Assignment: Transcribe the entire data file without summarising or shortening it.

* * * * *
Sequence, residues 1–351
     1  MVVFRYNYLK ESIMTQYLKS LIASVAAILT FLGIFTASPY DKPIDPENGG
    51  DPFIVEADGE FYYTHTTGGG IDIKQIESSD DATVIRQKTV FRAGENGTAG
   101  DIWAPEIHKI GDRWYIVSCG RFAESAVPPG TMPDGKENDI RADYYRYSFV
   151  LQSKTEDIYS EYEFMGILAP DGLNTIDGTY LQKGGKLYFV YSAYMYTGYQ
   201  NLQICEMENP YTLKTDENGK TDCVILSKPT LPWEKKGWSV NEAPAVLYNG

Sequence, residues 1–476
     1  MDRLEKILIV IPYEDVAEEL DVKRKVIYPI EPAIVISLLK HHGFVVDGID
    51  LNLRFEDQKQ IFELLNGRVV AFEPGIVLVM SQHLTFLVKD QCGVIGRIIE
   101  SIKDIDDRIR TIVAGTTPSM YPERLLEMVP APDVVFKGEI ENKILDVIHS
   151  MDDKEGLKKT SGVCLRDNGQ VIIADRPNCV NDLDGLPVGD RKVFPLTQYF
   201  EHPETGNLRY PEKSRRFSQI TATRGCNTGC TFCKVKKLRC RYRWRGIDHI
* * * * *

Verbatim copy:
Sequence, residues 1–351
     1  MVVFRYNYLK ESIMTQYLKS LIASVAAILT FLGIFTASPY DKPIDPENGG
    51  DPFIVEADGE FYYTHTTGGG IDIKQIESSD DATVIRQKTV FRAGENGTAG
   101  DIWAPEIHKI GDRWYIVSCG RFAESAVPPG TMPDGKENDI RADYYRYSFV
   151  LQSKTEDIYS EYEFMGILAP DGLNTIDGTY LQKGGKLYFV YSAYMYTGYQ
   201  NLQICEMENP YTLKTDENGK TDCVILSKPT LPWEKKGWSV NEAPAVLYNG

Sequence, residues 1–476
     1  MDRLEKILIV IPYEDVAEEL DVKRKVIYPI EPAIVISLLK HHGFVVDGID
    51  LNLRFEDQKQ IFELLNGRVV AFEPGIVLVM SQHLTFLVKD QCGVIGRIIE
   101  SIKDIDDRIR TIVAGTTPSM YPERLLEMVP APDVVFKGEI ENKILDVIHS
   151  MDDKEGLKKT SGVCLRDNGQ VIIADRPNCV NDLDGLPVGD RKVFPLTQYF
   201  EHPETGNLRY PEKSRRFSQI TATRGCNTGC TFCKVKKLRC RYRWRGIDHI